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Kiwibank economists say the Reserve Bank may soften its tone around the outlook, acknowledging the waning strength in forward economic activity indicators

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Kiwibank economists say the Reserve Bank may soften its tone around the outlook, acknowledging the waning strength in forward economic activity indicators
Source: Copyright: peshkov

The Reserve Bank (RBNZ) will likely raise the Official Cash Rate by another 50 points to 2.5% next week (Wednesday, July 13) - but may "soften its tone" around the outlook - acknowledging the waning strength in forward economic activity indicators, Kiwibank economists say.

In their weekly First View publication Kiwibank's chief economist Jarrod Kerr, senior economist Jeremy Couchman and economist Mary Jo Vergara, say there are a lot of things weighing on confidence at the moment.

They've titled their weekly outlook: "It's now a crisis of confidence".

"Scarce labour. Scarce materials. Rising rates. Rising cost of living. Falling house prices. There’s lots weighing on confidence," they say.

"Firms’ activity and profitability outlook is looking weaker by the day. And for households, inflation and rising mortgage rates are claiming bigger and bigger chunks of the budget. Given the strong correlation between confidence and economic activity, the outlook for the Kiwi economy is dimming."

They said the latest ANZ business outlook survey was "yet another sobering read".

"For the fourth straight month, business confidence has been on a downtrend. In June, confidence fell to the lowest level since the pandemic began (-63 vs -55.6 in May). Across the board, the activity indicators continued to flash red.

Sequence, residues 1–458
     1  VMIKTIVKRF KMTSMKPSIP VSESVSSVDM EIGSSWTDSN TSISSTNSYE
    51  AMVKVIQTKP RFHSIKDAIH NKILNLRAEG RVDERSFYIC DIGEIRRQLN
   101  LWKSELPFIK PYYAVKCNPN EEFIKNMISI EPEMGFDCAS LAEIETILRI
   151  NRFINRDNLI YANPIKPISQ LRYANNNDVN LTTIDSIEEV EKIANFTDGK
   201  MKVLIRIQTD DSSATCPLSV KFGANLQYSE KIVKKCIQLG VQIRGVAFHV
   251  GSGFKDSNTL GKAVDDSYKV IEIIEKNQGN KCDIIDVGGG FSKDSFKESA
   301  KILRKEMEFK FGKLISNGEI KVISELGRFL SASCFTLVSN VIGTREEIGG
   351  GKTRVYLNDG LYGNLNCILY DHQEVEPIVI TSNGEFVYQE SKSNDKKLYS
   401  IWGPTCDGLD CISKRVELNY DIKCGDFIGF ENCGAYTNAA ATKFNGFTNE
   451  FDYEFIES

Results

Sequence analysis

"Compared to a month ago, a greater share of the firms surveyed expect their own activity to deteriorate in the coming months (from a net 4.7% to a net 9.1% expecting a decline). Profitability expectations also weakened and fell to 2008/09 GFC lows (-41.5 vs -31.3 in May).

"Supply-side issues remain at the core of the growing pessimism across firms. Top of the list is the difficulty in finding skilled labour. Cost and wage inflation too are weighing on the profitability outlook. And the ongoing supply chain disruptions are still creating logistical nightmares.

"Given the lack of resources, it’s no surprise to see investment intentions slip into negative territory – the first time since August 2020. A pullback in investment points to weaker economic growth ahead."

They said pricing intentions "remain uncomfortably high", especially across retail. In June, a record 96.1% of retailers expect prices to go up in the coming months. That’s well above the previous high of 89%.